UK’s latest licensing round attracts applications from 71 oil & gas companies
The United Kingdom’s latest offshore licensing round has attracted 104 applications covering 245 blocks or part-blocks across the main producing areas of the UK Continental Shelf (UKCS).
Applications were received from 71 companies ranging from multinationals to new country entrants, according to a Monday statement by UK’s Oil and Gas Authority (OGA).
The 32nd UK Offshore Licensing Round, which closed on November 12, 2019, offered acreage in the Central North Sea, Northern North Sea, Southern North Sea, and the West of Shetlands.
The OGA said: “The OGA fully supports the energy transition, welcomes the government’s legally binding commitment to net zero emissions by 2050. The OGA understands why there could be concern about UK domestic production of oil and gas in this context. However, oil and gas will remain an important part of our energy mix for the foreseeable future, including under net zero scenarios, where the UK is still expected to be a net importer.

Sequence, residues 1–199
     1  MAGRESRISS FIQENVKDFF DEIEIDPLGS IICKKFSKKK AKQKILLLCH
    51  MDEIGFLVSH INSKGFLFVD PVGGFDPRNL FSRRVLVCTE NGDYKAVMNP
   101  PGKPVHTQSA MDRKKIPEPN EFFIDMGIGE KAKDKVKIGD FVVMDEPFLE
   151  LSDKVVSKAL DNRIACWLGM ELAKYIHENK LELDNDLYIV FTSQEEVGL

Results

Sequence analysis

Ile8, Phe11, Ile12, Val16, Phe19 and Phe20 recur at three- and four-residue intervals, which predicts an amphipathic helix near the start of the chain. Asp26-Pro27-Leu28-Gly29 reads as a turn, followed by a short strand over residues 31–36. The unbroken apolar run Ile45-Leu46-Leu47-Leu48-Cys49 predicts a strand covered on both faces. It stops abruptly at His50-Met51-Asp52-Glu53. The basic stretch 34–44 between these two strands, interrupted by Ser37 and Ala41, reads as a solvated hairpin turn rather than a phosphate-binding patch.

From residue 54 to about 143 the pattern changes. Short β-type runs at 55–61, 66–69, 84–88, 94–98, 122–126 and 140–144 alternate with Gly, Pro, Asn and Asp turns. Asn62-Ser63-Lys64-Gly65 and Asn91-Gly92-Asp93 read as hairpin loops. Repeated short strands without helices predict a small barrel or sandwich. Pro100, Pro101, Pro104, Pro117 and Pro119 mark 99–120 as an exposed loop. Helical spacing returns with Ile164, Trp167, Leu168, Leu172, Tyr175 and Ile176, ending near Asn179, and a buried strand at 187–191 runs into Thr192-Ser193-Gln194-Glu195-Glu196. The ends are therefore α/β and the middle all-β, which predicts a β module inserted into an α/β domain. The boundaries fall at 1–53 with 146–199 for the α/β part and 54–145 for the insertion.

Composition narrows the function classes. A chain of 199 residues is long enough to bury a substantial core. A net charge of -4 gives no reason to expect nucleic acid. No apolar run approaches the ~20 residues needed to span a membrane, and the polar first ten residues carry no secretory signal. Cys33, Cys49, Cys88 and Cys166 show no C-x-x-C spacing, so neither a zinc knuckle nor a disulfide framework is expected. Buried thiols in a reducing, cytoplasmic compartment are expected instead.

“As such, managing the declining production and maximizing the economic recovery from the UK remains vital to meet those energy demands as long as they exist, and to reduce reliance on hydrocarbon imports.”
The OGA made a significant volume of data available in support of the 32nd UK Offshore Licensing Round. The data sets were made available through the UK National Data Repository (NDR) and the OGA website.
Dr Nick Richardson, Head of Exploration and New Ventures at the OGA, said: “The response to the round has been very positive, exceeding the interest received for the 30th Offshore Licensing Round which was also in the more mature areas of the UKCS. We look forward to seeing how the data released in support of the round has been used to support the applications submitted.”
The OGA is currently focussing on evaluating the 32nd round applications, with a view to making awards in 2Q 2020. The OGA will engage with industry on the timing and nature of the 33rd round, which is unlikely to take place in 2020.
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